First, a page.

I have no doubt that the country's elites, political and otherwise, when visited by potential foreign investors, will express great interest, if not even enthusiasm about a potential investment. The question I have, however, is whether those elites really represent the general feelings among Greek society. Is Greek society really convinced that foreign investments can be a very good thing for the country? Or is there a general view that foreign investors, after all, are here for profit and the profit which they will take abroad is profit which, without them, would stay in Greece?

I think only real results would change any prejudices among Greek society, if at all. Only if there is a significant number of foreign investments which truly show what long term benefits they are for the Greek economy and for the prosperity of Greeks, only then is Greek society likely to give up any prejudices which there may be.

It's really a matter of education. As long as society feels that a most valuable train company is given away to Italians for a song; that the most profitable regional airports are given away to the Germans for nothing; in short: that this is a sell-out of valuable Greek assets to greedy foreigners; well, as long as that is the general feeling in society, foreign investment will never flourish.

Thursday, January 5, 2017

State Investment In Banks: Money Gone Up In Smoke?

My neighbor Yiannis, the theoretical Marxist, is furious. He has found out that most, if not all, of the 25 BEUR which the Greek state borrowed offshore in order to invest in Greek banks as part of the bank recapitalizations may turn out to be worthless. Let me clarify: only the investment may turn out to be worthless; the loans will continue to remain 100% obligations on the part of the Greek state.

Yiannis asks me two very simple questions: Where did that money go? And, as he suspects, if the money simply went up in smoke, why should Greek tax payers pay for it?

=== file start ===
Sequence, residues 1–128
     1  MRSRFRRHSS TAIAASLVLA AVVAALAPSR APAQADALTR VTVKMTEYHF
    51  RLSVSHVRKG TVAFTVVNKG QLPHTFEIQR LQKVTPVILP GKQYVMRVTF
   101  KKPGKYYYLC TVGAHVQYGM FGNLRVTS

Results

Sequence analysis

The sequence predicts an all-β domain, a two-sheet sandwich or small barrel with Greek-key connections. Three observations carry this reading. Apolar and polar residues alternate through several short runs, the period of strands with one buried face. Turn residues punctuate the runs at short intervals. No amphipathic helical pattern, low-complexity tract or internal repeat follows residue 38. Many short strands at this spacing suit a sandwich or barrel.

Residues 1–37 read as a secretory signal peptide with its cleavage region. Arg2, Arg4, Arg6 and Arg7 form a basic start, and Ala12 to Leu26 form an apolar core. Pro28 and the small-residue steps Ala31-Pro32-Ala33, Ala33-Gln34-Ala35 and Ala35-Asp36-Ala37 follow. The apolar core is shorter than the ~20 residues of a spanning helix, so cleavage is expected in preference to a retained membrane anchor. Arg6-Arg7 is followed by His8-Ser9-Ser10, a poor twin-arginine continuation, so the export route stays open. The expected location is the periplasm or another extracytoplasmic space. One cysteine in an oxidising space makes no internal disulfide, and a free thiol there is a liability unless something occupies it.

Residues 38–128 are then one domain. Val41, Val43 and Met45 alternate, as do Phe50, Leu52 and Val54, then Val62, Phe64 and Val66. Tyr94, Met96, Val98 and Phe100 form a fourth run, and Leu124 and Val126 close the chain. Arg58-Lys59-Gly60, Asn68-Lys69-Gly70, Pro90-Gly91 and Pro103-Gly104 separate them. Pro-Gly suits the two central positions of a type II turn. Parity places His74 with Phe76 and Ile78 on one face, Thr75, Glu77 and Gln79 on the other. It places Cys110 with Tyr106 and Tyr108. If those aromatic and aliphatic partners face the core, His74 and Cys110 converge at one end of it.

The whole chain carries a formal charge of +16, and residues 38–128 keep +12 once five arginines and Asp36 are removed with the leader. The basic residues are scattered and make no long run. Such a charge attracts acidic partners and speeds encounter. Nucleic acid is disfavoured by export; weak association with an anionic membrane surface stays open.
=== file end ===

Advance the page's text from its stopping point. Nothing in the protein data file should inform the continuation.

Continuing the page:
No money ever goes up in smoke; it only changes owners. But who are the new owners of that 25 BEUR which the Greek state is no longer owner of? That's where it gets a bit tricky.

The Greek state invested in banks, the value of which went towards zero and, in consequence, the value of the Greek state's investment also went towards zero. But who got that money?

Nobody got that money! The answer is that some parties who still have money today would no longer have that money if the Greek state had not invested the 25 BEUR. That's where the money is! Had the Greek state not invested the 25 BEUR, the 4 large Greek banks (and others) would have gone bankrupt and the creditors of those banks (bondholders, savers) would have lost a lot of money (in sum certainly more than the 25 BEUR which the state lost). Not to mention the collateral damage involved when the largest banks go bankrupt.

So I told Yiannis that he himself was one of the beneficiaries. Yes, as a tax payer he is now responsible for paying off that 25 BEUR in debt but, in exchange, the value of all his bank deposits remains in place.

Yiannis said he had no bank deposits. I told him he was out of luck.